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Controlled release of artemisone for the treatment of experimental cerebral malaria

Overview of attention for article published in Parasites & Vectors, March 2017
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Title
Controlled release of artemisone for the treatment of experimental cerebral malaria
Published in
Parasites & Vectors, March 2017
DOI 10.1186/s13071-017-2018-7
Pubmed ID
Authors

Jacob Golenser, Viola Buchholz, Amir Bagheri, Abed Nasereddin, Ron Dzikowski, Jintao Guo, Nicholas H. Hunt, Sara Eyal, Natalia Vakruk, Andreas Greiner

Abstract

Cerebral malaria (CM) is a leading cause of malarial mortality resulting from infection by Plasmodium falciparum. Treatment commonly involves adjunctive care and injections or transfusion of artemisinins. All artemisinins that are in current use are metabolized to dihydroxyartemisinin (DHA), to which there is already some parasite resistance. We used artemisone, a derivative that does not convert to DHA, has improved pharmacokinetics and anti-plasmodial activity and is also anti-inflammatory (an advantage given the immunopathological nature of CM). We examined controlled artemisone release from biodegradable polymers in a mouse CM model. This would improve treatment by exposing the parasites for a longer period to a non-toxic drug concentration, high enough to eliminate the pathogen and prevent CM. The preparations were inserted into mice as prophylaxis, early or late treatment in the disease course. The most efficient formulation was a rigid polymer, containing 80 mg/kg artemisone, which cured all of the mice when used as early treatment and 60% of the mice when used as a very late treatment (at which stage all control mice would die of CM within 24 h). In those mice that were not completely cured, relapse followed a latent period of more than seven days. Prophylactic treatment four days prior to the infection prevented CM. We also measured the amount of artemisone released from the rigid polymers using a bioassay with cultured P. falciparum. Significant amounts of artemisone were released throughout at least ten days, in line with the in vivo prophylactic results. Overall, we demonstrate, as a proof-of-concept, a controlled-sustained release system of artemisone for treatment of CM. Mice were cured or if treated at a very late stage of the disease, depicted a delay of a week before death. This delay would enable a considerable time window for exact diagnosis and appropriate additional treatment. Identical methods could be used for other parasites that are sensitive to artemisinins (e.g. Toxoplasma gondii and Neospora caninum).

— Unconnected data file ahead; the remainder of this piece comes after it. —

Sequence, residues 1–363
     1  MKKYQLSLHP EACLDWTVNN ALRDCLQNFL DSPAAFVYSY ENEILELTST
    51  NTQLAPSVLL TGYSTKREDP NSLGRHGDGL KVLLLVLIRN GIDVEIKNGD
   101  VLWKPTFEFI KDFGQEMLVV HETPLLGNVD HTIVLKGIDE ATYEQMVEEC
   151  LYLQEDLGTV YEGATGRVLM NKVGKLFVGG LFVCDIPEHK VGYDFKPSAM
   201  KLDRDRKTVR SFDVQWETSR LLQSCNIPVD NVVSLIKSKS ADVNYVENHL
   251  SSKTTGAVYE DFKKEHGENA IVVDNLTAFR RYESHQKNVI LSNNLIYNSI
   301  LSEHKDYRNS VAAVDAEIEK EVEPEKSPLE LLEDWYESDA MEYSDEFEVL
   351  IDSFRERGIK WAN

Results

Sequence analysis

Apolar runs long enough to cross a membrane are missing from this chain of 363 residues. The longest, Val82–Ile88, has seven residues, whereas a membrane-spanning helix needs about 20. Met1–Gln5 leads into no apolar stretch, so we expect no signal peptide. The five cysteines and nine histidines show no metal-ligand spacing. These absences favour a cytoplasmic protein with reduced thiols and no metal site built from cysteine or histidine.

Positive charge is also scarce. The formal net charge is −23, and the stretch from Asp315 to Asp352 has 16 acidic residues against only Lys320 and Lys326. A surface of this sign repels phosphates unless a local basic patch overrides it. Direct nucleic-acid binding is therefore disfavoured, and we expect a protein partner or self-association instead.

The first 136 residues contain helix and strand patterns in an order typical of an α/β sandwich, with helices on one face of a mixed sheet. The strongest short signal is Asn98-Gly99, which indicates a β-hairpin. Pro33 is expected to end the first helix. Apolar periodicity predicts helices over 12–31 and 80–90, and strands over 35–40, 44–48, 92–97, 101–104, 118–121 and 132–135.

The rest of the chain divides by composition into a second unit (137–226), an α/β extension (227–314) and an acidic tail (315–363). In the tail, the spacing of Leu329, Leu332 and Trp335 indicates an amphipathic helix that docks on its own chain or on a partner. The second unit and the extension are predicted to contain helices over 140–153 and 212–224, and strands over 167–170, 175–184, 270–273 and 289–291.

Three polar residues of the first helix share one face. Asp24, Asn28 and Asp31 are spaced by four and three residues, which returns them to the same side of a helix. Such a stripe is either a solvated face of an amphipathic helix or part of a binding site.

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Mendeley readers

The data shown below were compiled from readership statistics for 42 Mendeley readers of this research output. Click here to see the associated Mendeley record.

Geographical breakdown

Country Count As %
Unknown 42 100%

Demographic breakdown

Readers by professional status Count As %
Student > Ph. D. Student 11 26%
Student > Master 7 17%
Student > Bachelor 4 10%
Researcher 4 10%
Other 3 7%
Other 4 10%
Unknown 9 21%
Readers by discipline Count As %
Pharmacology, Toxicology and Pharmaceutical Science 5 12%
Medicine and Dentistry 5 12%
Chemistry 3 7%
Agricultural and Biological Sciences 3 7%
Computer Science 2 5%
Other 8 19%
Unknown 16 38%

Attention Score in Context

This research output has an Altmetric Attention Score of 1. This is our high-level measure of the quality and quantity of online attention that it has received. This Attention Score, as well as the ranking and number of research outputs shown below, was calculated when the research output was last mentioned on 01 March 2017.
All research outputs
#6,962,517
of 9,134,189 outputs
Outputs from Parasites & Vectors
#1,914
of 2,626 outputs
Outputs of similar age
#186,649
of 254,148 outputs
Outputs of similar age from Parasites & Vectors
#111
of 152 outputs
Altmetric has tracked 9,134,189 research outputs across all sources so far. This one is in the 13th percentile – i.e., 13% of other outputs scored the same or lower than it.
So far Altmetric has tracked 2,626 research outputs from this source. They receive a mean Attention Score of 4.2. This one is in the 13th percentile – i.e., 13% of its peers scored the same or lower than it.
Older research outputs will score higher simply because they've had more time to accumulate mentions. To account for age we can compare this Altmetric Attention Score to the 254,148 tracked outputs that were published within six weeks on either side of this one in any source. This one is in the 15th percentile – i.e., 15% of its contemporaries scored the same or lower than it.
We're also able to compare this research output to 152 others from the same source and published within six weeks on either side of this one. This one is in the 8th percentile – i.e., 8% of its contemporaries scored the same or lower than it.